It is therefore an object of the invention to provide a transducer for detecting the free point of conduits, such as drill pipes, in a borehole, and which exhibits good characteristics of precision and reliability, making it possible to detect separately the torsions and tensions with but a small stiffness.
In a preferred embodiment of the invention, an apparatus for detecting the free point of drill pipes in a borehole comprises a body member adapted to be suspended from a cable. The body member has two parts mounted for limited longitudinal and angular movements with respect to each other. Each of the parts is capable of being anchored inside the drill pipes by a control from the surface, in order to follow the deformations of the drill pipes when tension and torsion forces are applied to them from the surface.
A first radial-coil transformer has a primary winding integral with a first part of the body member and a secondary winding integral with the second part for furnishing a first signal representative of the angular movements between the parts of the body member. The first transformer is insensitive to longitudinal movements. The secondary winding comprises two parallel-axis coils placed on opposite sides of the primary winding. The first part of the body member can turn in both directions, with a limited angular movement, from a middle position in which the axis of the primary winding is perpendicular to the axes of the coils of the secondary.
A second axial-coil transformer, having a primary winding integral with one part of the body member and a secondary winding integral with the other part, furnishes a second signal representative of the longitudinal movements between these parts of the body member. The second transformer is insensitive to angular movements of the body member parts.
The primaries of the first and second transformers are supplied with periodic current in order to induce signals in the secondaries whose amplitudes are respectively representative of the longitudinal and angular movements. Preferably, one of the parts of the body member forms a sleeve within which is provided a chamber which contains the transformers. This chamber is filled with oil and includes means, such as a floating piston, for keeping the internal pressure of the chamber equal to that of the borehole.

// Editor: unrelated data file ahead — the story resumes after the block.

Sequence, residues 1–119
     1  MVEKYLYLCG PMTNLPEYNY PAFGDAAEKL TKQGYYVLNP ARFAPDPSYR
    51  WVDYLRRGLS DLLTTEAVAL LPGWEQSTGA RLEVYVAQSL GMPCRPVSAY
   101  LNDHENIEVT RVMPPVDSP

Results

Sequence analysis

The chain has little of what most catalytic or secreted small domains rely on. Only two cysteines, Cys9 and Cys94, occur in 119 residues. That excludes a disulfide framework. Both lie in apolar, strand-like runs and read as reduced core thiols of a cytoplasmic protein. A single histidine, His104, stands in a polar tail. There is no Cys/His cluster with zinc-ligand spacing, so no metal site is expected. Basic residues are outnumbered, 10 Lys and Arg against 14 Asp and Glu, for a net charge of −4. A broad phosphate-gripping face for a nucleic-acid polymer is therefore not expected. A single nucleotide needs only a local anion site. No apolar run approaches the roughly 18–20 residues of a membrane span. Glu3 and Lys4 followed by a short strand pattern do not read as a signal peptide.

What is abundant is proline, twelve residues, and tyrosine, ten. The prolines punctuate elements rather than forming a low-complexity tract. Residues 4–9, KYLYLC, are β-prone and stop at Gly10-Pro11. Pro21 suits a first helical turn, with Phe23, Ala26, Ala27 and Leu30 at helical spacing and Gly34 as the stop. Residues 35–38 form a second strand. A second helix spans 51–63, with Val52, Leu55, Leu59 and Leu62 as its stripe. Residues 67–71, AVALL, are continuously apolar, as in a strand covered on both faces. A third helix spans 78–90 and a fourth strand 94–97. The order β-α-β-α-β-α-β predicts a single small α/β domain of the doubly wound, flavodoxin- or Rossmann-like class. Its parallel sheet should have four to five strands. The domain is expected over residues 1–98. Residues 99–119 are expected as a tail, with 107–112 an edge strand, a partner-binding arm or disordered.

The apparatus also includes elastic means for opposing the weight of the lower part and for pushing it upward so that it can the move downward with respect to the upper part after anchoring in the conduit. Furthermore, means are provided for bringing the first part of the body member substantially to the middle position of the second transformer so that the first part can turn with respect to the second part in one direction or the other.
The characteristics and advantages of the invention will moreover better appear from the description to follow given by way of nonlimitative example with reference to the appended drawings in which:
FIG. 1 is a view during operation of a detection apparatus according to the invention for finding the free point of a conduit in a borehole;
FIG. 2 is a longitudinal section of a part of the downhole apparatus of FIG. 1;
FIG. 3 is a perspective diagrammatic view of a detail of the apparatus of FIG. 2; and
FIG. 4 is a diagram of the circuits used for obtaining detection signals in the apparatus according to the invention.
Referring to FIG. 1, the free-point detection apparatus comprises a downhole apparatus 10 suspended in a conduit 11 at the end of a cable 12. Conduit 11, which is typically a string of drill pipes, has become stuck in the earth formations in a borehole 13 at a point 14 whose depth is to be determined. The drill pipes are suspended at the surface in a known manner from a derrick (not shown) equipped with mechanisms for applying tension and torsion forces to these drill pipes.
Cable 12 has one or more electrical conductors connected to surface equipment 15. This equipment is adapted to send toward the downhole apparatus an electric power supply current and electric control signals, and to receive the signals coming from this apparatus for processing, displaying, and recording them.